Here’s the scenario: The police are called to a disturbance (or pull over a vehicle) and see a dog they deem a “threat.”
May an officer draw his weapon and shoot the dog? Remember, he has “law and order” on his side; it’s his job to maintain peace and prevent harm to the community. Plus certain breeds are targeted as perpetual threats: pit bull, German shepherd, Rottweiler, etc.
The answer is “no.” The cop may not shoot first and ask questions later. He should call animal control if an animal presents a threat, unless it becomes necessary to immediately restrain the dog in the defense of himself or another.
What remedies exist on the part of the dog owner? Pets, although we love them like people, are considered “property.” The Pennsylvania courts have not yet permitted the right to collect for “pain and suffering” or the loss of companionship for the loss of a pet.
That said, the pet owner may be entitled to a substantial recovery for:
Attorney fees for a violation of 42 U.S.C. § 1983 for governmental misconduct (and those can be substantial);
Emotional distress if the owner himself was in the zone of danger created by the discharge of a firearm;
A violation of the Fourth Amendment of the Constitution of the United States of America for the unlawful “taking” of property.
A recovery for economic value of a dog, including replacement cost and/or cost for veterinary treatment for the shooting at issue.
A recovery for any harm the pet owner suffered to himself or his other property.
Punitive damages for reckless conduct.
Furthermore, both the police officer himself and the governmental entity for which he works (state, county, or municipality/borough) may be liable. Certain immunities exist for duties performed in the scope of one’s public duties; however, the concept of immunity can be overcome if the government had a policy that deprived a person of his rights: such as a shoot first, ask questions later policy, or a failure to reprimand officers who repeatedly shoot dogs. See Monell v. Department of Social Services of the City of New York, 436 U.S. 658 (1978).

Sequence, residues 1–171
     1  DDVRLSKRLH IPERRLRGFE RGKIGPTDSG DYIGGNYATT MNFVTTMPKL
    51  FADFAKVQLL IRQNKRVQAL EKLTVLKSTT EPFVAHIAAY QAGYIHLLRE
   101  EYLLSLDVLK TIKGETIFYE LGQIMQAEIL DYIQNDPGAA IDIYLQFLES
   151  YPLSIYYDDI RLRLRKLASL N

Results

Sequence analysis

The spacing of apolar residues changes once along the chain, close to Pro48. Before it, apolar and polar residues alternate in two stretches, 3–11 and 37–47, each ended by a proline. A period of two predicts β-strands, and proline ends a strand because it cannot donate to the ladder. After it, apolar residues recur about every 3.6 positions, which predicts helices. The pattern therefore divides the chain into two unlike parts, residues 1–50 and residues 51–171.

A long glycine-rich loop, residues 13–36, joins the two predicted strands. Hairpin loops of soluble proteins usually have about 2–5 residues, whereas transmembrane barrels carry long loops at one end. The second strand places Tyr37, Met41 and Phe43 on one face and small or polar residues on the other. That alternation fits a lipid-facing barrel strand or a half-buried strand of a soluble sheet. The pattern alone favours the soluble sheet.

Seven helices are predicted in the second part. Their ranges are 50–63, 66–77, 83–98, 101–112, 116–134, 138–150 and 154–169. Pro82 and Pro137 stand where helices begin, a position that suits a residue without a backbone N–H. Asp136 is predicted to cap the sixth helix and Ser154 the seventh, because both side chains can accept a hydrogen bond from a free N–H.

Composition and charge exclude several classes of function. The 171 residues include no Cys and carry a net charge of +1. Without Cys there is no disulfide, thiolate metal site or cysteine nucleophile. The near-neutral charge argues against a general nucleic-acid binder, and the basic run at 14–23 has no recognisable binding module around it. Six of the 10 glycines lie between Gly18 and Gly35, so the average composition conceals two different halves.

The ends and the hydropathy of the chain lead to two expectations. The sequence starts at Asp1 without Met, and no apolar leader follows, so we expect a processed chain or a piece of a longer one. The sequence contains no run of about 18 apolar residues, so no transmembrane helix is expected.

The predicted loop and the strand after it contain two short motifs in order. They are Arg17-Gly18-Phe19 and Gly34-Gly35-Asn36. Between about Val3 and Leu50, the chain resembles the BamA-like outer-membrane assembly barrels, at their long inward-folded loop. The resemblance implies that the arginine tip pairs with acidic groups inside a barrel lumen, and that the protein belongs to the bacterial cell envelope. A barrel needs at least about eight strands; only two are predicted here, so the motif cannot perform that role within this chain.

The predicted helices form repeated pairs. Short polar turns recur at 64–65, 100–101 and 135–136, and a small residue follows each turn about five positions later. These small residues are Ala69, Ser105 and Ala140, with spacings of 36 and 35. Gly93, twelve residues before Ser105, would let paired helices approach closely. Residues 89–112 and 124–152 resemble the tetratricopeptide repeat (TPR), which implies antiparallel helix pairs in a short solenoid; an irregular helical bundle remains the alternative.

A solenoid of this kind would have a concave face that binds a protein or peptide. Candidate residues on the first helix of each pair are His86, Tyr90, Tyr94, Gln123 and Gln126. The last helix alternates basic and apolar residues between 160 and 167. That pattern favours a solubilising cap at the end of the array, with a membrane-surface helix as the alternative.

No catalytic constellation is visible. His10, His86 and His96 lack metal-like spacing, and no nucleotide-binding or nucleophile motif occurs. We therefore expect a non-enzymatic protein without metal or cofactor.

Even if the municipality is immune, the individual may face liability, though he will what’s called a “qualified” immunity, which can be overcome, if the officer wrongfully deprives the owner of his property (a pet). The standard is whether a reasonable police officer would have known he was wrongfully taking property (by shooting a dog). This is where our lawyers excel in terms of proving a basis for a substantial recovery.
Each case turns on its facts. Suppose a dog is running loose (in violation of local leash laws) and posing a public danger. There, an officer might be justified in shooting that animal but only if the dog appears “dangerous” and his actions could be considered reasonable by a court of law. The court will consider whether the dog is growling, darting, running, biting, snapping, thrashing, or whether, conversely, the dog was wagging its tail, trotting, etc.
Importantly, a qualified immunity is an affirmative defense, meaning, the officer has the burden to both plead and prove this basis for a defense. This give the officer (and his lawyer) work to do in court. They can’t just sit back and say that the Plaintiff has not set forth sufficient facts or evidence, which bolsters the settlement value of these cases. In fact, the dog owner need not “need to plead facts showing the absence of such a defense.” Black v. Coughlin, 76 F.3d 72, 75 (2nd Cir. 1996). An excellent article was written about this by Pamela Roudebush of our office.
Our Pittsburgh lawyers look for discrepancies in the police report: did the police offer talk to and note the comments of all the witnesses, or just those who support the police officer’s version of the facts? Was animal control called before shooting the dog? If not, why not? Was the dog owner permitted to restrain the dog peacefully?
Remember: The dog owner’s violation of dangerous dog law or local ordinances does not give an officer an excuse to shoot a dog. Thus, the dog owner can collect civil damages for the loss of his or her dog, even though the owner was guilty beyond a reasonable doubt of failing to restrain, leash, or license his dog.
Our Pittsburgh attorneys are experienced at handling cases against police officers, boroughs, municipalities, and other governmental entities for excessive force and the shooting of pets.
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